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Rich folks vs Po folks(30 posts)

Rich folks vs Po folksTed the Horseman
Jan 28, 2002 10:59 AM
Why is it that you don't hear of many conservative, Rush Limbaugh-loving poor folks? Let's face it. Most "conservatives" are wealthy white folks who thinks they have it all sussed. If they lost all their money or daddy's money that allows them to not have to worry about such things like heath care and rent they would sing a different tune.
so who voted for Bush?Dog
Jan 28, 2002 11:09 AM
I think you are a little disconnected. Bush supporters (who may or may not be Limbaugh fans), include many hard working, dirty fingernailed, regular people. There are not enough "rich" people in the country to elect anyone. The "regular" folks carry elections. The numbers won't work out any other way.

Also, don't forget that many people who have made money did not start off that way. Many started with nothing more than a desire to better themselves. They want other people to share in that opportunity, too.

So who would vote for Gore or Nader now?MB1
Jan 28, 2002 11:15 AM
Oh we would really be in it deep with one of them in office.

My .02 worth YMMV
Jan 28, 2002 12:09 PM
Really? How do you know? I personally don't think much of anything would be different--there would still be a failing economy, Sept. 11, and a military response of some kind. Do you really think the president or administration is so powerful? I do think that Gore might not have let the Israel situation escalate quite as much before Sept 11 (Bush was on vacation)--but that wouldn't have stopped Sept. 11. Considering that Nader really never had a chance (he was mostly running to put the Green on the map) I think it's silly to even postulate what he would do in office.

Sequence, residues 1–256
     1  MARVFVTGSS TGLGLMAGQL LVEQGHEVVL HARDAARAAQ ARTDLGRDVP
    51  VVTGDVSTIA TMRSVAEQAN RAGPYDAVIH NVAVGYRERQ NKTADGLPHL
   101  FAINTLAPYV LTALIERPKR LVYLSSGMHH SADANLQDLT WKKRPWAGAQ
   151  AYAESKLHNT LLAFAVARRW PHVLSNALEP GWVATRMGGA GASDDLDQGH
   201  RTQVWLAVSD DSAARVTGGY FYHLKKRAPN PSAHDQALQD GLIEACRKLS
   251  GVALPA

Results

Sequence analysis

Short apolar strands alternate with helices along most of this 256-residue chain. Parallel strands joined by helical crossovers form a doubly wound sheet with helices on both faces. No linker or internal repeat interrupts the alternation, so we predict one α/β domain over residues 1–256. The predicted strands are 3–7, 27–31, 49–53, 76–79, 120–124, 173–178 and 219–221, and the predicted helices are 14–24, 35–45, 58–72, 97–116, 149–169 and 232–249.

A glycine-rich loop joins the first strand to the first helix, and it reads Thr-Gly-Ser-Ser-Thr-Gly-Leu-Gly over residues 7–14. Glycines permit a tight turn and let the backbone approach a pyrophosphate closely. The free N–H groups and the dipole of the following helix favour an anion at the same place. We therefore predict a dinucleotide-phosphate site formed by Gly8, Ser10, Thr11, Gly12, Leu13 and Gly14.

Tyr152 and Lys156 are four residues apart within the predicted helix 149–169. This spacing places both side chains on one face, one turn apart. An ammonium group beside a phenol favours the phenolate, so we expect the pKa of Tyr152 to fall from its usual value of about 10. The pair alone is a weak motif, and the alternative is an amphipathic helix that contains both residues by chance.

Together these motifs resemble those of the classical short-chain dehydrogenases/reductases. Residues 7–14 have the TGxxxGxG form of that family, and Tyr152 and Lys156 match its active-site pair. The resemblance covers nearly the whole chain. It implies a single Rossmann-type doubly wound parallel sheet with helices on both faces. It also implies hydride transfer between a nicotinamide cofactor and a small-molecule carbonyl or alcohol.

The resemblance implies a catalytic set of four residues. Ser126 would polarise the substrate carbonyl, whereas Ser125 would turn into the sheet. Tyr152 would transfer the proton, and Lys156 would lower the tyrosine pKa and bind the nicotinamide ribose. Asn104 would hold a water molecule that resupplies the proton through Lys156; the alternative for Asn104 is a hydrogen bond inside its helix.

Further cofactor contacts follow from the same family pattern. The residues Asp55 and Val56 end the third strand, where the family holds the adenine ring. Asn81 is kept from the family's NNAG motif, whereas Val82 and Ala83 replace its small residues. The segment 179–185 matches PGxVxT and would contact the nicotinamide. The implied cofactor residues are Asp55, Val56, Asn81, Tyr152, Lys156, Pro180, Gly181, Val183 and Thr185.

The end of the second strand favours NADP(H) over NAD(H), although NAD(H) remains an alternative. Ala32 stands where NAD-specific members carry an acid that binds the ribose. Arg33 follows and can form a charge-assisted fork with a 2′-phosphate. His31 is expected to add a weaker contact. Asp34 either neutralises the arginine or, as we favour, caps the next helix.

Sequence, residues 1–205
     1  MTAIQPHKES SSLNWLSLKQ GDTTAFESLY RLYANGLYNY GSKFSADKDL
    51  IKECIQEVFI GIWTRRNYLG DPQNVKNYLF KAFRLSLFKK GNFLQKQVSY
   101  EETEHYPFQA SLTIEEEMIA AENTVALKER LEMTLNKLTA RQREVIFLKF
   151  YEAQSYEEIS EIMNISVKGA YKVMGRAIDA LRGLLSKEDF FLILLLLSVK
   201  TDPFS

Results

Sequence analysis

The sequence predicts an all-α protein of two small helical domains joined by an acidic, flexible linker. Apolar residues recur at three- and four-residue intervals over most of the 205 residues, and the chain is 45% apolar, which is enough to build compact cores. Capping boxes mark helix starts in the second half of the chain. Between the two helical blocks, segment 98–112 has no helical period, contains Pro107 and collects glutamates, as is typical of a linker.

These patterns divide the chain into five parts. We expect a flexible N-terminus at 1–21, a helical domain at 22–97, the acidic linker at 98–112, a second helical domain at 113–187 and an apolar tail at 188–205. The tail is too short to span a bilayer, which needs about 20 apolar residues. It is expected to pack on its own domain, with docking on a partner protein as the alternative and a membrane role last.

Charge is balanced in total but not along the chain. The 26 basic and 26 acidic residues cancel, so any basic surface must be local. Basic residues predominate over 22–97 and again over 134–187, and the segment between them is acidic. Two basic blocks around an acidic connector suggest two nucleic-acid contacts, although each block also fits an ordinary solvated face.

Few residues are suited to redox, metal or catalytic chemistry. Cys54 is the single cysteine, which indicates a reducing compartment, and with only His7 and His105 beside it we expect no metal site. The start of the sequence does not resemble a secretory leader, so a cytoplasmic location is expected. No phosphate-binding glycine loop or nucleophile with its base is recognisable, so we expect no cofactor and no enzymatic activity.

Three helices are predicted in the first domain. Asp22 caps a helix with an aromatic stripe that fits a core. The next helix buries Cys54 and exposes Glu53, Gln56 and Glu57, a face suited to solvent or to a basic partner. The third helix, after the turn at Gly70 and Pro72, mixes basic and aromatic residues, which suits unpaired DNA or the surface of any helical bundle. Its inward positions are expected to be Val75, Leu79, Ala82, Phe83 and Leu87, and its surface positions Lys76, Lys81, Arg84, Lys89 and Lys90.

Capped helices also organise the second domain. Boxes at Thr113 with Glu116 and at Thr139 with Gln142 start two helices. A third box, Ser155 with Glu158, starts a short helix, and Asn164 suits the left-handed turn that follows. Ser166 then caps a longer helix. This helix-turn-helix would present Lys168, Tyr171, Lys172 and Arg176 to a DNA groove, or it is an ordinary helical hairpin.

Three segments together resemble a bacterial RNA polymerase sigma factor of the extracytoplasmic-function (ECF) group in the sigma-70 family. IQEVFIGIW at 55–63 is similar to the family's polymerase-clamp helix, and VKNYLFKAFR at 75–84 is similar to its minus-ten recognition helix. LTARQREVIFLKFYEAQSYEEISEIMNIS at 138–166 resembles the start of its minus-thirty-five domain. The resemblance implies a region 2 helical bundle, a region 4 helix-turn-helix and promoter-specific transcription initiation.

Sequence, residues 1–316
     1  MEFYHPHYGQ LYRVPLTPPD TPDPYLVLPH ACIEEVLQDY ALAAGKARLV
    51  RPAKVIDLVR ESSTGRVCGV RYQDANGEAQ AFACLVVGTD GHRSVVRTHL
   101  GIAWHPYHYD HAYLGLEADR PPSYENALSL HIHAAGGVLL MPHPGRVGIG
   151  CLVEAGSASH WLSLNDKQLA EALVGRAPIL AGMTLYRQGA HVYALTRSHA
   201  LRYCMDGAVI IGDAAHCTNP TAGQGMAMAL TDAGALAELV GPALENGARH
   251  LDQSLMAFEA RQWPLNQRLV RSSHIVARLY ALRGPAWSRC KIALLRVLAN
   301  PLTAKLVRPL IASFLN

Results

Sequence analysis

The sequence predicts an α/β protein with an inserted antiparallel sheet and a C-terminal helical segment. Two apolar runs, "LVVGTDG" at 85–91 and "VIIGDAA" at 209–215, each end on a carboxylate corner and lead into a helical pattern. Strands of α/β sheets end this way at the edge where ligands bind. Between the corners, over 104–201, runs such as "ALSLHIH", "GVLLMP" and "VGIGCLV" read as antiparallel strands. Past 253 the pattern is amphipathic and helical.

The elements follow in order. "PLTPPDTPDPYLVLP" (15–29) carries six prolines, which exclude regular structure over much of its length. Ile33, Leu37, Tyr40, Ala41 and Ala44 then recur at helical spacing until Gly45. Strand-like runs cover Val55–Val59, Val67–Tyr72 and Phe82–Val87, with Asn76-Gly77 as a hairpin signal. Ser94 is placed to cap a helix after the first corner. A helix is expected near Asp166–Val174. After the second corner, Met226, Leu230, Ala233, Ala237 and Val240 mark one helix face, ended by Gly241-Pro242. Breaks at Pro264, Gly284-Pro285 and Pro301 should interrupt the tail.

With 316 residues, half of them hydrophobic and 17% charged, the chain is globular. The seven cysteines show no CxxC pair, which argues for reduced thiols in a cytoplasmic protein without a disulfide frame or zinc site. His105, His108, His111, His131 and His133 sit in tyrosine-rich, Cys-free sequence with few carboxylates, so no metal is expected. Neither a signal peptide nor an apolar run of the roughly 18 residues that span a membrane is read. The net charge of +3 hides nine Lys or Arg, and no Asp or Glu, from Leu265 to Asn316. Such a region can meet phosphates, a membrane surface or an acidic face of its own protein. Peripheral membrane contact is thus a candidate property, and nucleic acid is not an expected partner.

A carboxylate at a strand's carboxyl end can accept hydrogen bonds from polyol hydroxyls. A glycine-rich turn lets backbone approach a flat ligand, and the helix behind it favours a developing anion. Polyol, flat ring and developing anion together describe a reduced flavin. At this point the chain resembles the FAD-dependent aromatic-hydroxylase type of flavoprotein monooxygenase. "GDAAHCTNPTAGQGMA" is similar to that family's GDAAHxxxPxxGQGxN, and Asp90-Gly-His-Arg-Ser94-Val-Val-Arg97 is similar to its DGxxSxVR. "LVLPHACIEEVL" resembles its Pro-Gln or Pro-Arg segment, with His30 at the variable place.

Gore, yes, Nader, no. But...Retro
Jan 29, 2002 8:31 AM
Don't just toss out crap like this and expect everybody to accept it. Nader's a cipher, but what's the problem with Gore? He has more experience than Bush by far, and Bush isn't running the war in any case; he's just sitting back and listening to his father's retreads tell him what to do. The few good people he picked himself (notably Colin Powell) are separating themselves from some of his policies (the POW issue, the global placement of troops). Gore probably wouldn't be any BETTER, but he'd be no worse.
Jan 30, 2002 6:09 AM
Although I support Bush's handling of the terrorist problem, I believe that Gore would have done equally as well -- providing the Republicans in Congress gave him the support needed, which is a big if. Gore actually served in the military, in contrast to Bush. The most important responsibility for the President is surrounding yourself with good people, and Bush has done OK in that regard. I believe Gore would have done just as well.

The main differences between Bush and Gore will appear over time, once the war on terrorism has subsided. If Bush and the Republicans ignore the economy and the plight of everyday Americans, "W" will face the same fate as his father did in seeking re-election. Remember, big George had a 90% approval rating at the end of the Gulf War.
The problem with thisDOH!